Bavaria is an amazing place to explore, full of history and hidden forests with a range
of time periods to explore, full of castles and preserved, ancient civilizations. The wildlife found in the countryside is diverse, including a range of birds of prey, owls, martens, squirrel, and deer.
Bavaria is also a conservative area, moving here was full of paperwork, I think it is important to take time to really explore and understand the area. An alternative to actually moving here and throwing myself into the bureaucracy of registering, permits and converting my car registration to German, would have been a couple of trips, each of a few weeks! However, you manage to explore the area, it is worth the effort. Being here for a second year, really helped me to understand the region much more.
As a biologist and climber, I am drawn towards locations of natural beauty. Before writing this, I counted more than 40 such places that I have been privileged to experience in the Bavarian region over the last two years. Out of these 40, you can find my top 10 by following this link.
After years of working as a teacher in the UK, a recruiter approached me with an open position for a biology teacher in Franconia. Since I was looking for a new adventure, I said yes, and just two months later, I was on a ferry from the British city of Hull crossing the North Sea to Rotterdam, excited by the prospect of driving on the right-hand side of the road for the first time! Worried about the stresses that come with the life-changing decision to move abroad, I decided to approach the ordeal with the mindset of being on an extended travel adventure. I felt this would help me through the initial turmoil of so many changes in life and would reduce the pressure of trying to settle too quickly.
Having departed from the ferry at Rotterdam I drove through the Netherlands visiting points along the way. The first was the Natuurpoort de Biesbosch, Vissershang in the Netherlands and a great place to visit. This nature park is more than 90 square kilometres, and I found it great for walking, cycling and enjoying nature. I was particularly interested to learn that the European beaver was reintroduced into Biesbosch Nature Park in 1988, after more than a century of being extinct in the Netherlands. Beavers are an important keystone species of ecosystems, having a great impact on river systems. They slow down the river course, allowing fish eggs to survive and thereby allowing larger animals, which depend on these fish, to thrive within the feeding relationships known as a trophic cascade.
Another interesting stop in the Netherlands is Snow World in Landgraaf, a great place for indoor skiing and snowboarding. For a day or two, I found it very addictive! On my first trip to Bavaria, I also took a detour and visited Heider Bergsee near Brühl, in North Rhine-Westphalia, where there are beautiful lakes where you can camp. This detour was great for the few days I had to spare on the way to Bavaria!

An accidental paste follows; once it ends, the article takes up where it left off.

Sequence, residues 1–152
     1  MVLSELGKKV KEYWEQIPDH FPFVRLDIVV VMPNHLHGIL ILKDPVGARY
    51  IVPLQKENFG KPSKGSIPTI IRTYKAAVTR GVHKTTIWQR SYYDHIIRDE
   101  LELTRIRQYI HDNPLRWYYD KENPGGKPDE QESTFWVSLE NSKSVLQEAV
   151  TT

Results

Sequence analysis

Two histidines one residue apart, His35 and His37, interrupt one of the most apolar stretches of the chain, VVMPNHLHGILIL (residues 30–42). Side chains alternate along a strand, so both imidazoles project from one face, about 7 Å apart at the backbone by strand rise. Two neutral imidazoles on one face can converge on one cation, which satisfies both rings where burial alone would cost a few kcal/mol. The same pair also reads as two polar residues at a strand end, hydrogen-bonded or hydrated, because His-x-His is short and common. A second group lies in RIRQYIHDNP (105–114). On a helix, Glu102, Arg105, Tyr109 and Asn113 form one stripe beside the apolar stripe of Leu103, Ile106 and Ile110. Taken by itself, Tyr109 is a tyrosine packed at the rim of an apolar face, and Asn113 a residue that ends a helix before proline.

The school where I was teaching is located opposite “Tennenloher Forst“, the “largest Middle Franconian nature reserve”, which was a great walking and cycling escape after a long day! The reserve is home to Przewalski primaeval wild horses (Equus Przewalski), considered extinct in the wild, since the 1970s. Their genetic heritage dates from 1427, and these horses are a critical ancestral line of the horses bred today. I would often visit the wild boar (Sus scrofa), and in the springtime, during my time here, I would look forward to visiting the new piglets! Tennenloher forest is also home to Swiss peacock goats (Prunus serotina) which are allowed to graze within the forest.
During my third week at the school, I was asked to take students on a hiking adventure through the Alps. We stayed at an outward-bound educational centre in Baad, of the Kleinwalsertal region. This involved hiking past Hohenschwangau castle and through the Kleinwalsertal area of the Alps for a few days, sleeping in mountain huts along the way. This part of the Alps is a great place to visit, where alpine salamanders can be spotted (Salamandra atra). The morning dew made for some spectacular morning scenery from the centre in Baad. Of course, there are many great hiking routes in the Alps to explore, but this was my first.
I am going to leave you with my favourite location, a hidden forest in Luisenburg. Set behind the most unlikely of places, a modern theatre. The Felsentheater Luisenburg, is an ancient forest, covered in moss, frog pools and ancient architecture adorning the pathways, even King Ludwig inscriptions marking the stones. It truly gives you the feeling that you have travelled back in time. Best visited with no one else around so you can relish the pure serenity within nature.